FAA To American Airlines: Check Your Tails
The Federal Aviation Administration (FAA) last week ordered detailed inspections of the rudder sections of all Airbus 300-600’s and Airbus 310’s, aircraft flown on passenger routes in the United States by American Airlines, and on cargo routes by FedEx.
An Airbus A300-600, flying as American Airlines Flight 587 crashed into Belle Harbor on November 12, 2001 when its tail departed from the aircraft over Jamaica Bay shortly after the plane’s takeoff from John F. Kennedy Airport.
The FAA Airworthiness Directive, however, was not issued as a result of the crash of AA 587, but of a more recent “upset,” with an Airbus A310 that occurred on March 6. The Wave reported on developments in the story in our March 18 and March 25 editions.
The Airbus was about a half-hour out of Cuba when the rudder departed the tail structure, leaving the tailfin in place. The pilots managed to bring the crippled plane safely back to Cuba.
In the AA 587 crash, both the rudder and the tailfin departed the plane. The National Transportation Safety Board, in a ruling late last year, blamed that crash on Sten Molin, the first officer who was flying the departure that day. According to the NTSB report, Molin “unnecessarily and over-aggressively” used the plane’s rudder in a wake turbulence situation, causing the tail to be ripped from the plane.
Recent problems with the Airbus 300 Series Aircraft, however, have raised questions about that decision. The A310 is almost identical to the A300 that crashed in Rockaway.
On Tuesday, Senator Charles Schumer called on the NTSB to reopen its investigation into the Crash of American Airlines Flight 587.
“The safety and reliability of the airplane rudders [on Airbus airliners] has been called into question,” Schumer said in a press release. “The NTSB owes it to the families of the victims of the crash and the traveling public to find out whether traveling on these planes is dangerous.”
“The similarities between this and the Quebec flight, and other incidents involving A300 and A310 aircraft requires you to open your investigation,” Schumer told the NTSB in a letter.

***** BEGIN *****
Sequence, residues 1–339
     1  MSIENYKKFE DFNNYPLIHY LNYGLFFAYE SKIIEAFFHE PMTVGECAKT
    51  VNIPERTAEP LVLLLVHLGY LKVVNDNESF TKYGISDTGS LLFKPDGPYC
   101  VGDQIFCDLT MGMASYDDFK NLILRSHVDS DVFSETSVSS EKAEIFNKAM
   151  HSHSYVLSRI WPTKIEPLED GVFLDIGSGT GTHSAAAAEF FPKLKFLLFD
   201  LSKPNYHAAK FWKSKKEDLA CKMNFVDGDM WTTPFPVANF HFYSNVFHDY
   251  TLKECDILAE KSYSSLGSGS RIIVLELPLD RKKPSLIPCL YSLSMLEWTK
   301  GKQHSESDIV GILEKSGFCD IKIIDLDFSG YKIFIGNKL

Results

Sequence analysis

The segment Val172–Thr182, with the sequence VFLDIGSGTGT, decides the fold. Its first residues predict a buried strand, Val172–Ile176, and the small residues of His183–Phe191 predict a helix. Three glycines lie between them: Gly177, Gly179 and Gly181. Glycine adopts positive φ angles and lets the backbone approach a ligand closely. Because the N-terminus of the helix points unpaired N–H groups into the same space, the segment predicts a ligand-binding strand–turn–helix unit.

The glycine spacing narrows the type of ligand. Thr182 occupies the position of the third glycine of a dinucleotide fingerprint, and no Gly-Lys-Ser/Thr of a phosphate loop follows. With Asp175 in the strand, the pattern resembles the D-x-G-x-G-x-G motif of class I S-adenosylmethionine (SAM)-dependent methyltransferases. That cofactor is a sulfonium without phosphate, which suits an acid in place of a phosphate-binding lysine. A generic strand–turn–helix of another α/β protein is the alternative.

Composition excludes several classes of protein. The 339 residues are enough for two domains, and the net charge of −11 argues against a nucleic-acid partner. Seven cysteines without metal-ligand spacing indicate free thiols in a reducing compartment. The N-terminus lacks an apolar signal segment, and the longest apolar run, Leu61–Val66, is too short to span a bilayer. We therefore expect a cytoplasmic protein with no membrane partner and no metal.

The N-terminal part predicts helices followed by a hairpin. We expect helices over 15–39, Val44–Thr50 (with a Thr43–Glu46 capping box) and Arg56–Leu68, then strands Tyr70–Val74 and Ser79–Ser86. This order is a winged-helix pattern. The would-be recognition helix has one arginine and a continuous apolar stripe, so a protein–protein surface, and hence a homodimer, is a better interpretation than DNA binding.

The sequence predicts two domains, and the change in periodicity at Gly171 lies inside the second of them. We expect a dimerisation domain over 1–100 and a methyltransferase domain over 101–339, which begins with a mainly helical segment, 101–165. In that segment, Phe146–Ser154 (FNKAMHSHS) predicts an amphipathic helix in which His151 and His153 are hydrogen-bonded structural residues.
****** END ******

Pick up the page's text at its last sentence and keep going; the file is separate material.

“Everybody [in the aviation industry] is very interested in this,” Al Dickenson, who runs the aviation safety program at the University of Southern California told Newsday’s Sylvia Adcock.
John David, an American Airlines pilot who is a safety expert for the Allied Pilots Association, told The Wave for its March 18 edition, “We are watching the investigation very closely. It is unheard of to lose a major flight control surface like this.”
At the time, Ted Lopatkiewicz, a spokesperson for the NTSB, said, “[We] are closely monitoring the Canadian inquiry for a possible bearing on the New York crash. We need to know why the rudder separated from the aircraft before knowing if maintenance is the issue.”
According to published reports, American Airlines found two of its aircraft with “minor delaminations” of the tail, which is made up of composite material rather than the traditional aluminum.
The two planes were repaired at American Airline’s facility at JFK Airport and put back into service on the airline’s South and Central American routes.
Both the NTSB and the Safety Board of Canada are working with the U.S. Coast Guard to find the rudder somewhere in the Florida Strait.
In response to Schumer’s call for reopening the investigation, Lopatkiewicz told reporters, “We will evaluate all of the findings from [the Air Transat] investigation to determine if it has any relevance to our findings related to American Airlines Flight 587.”
The Canadian Transportation Safety Board, the equivilent of the NTSB, however, said late last month that its investigation into the upset of the Air Transat charter could take more than a year and more likely two, depending on whether the rudder can be found and inspected. In additon, an Airbus A330 landing in Japan last week had turbulence problems.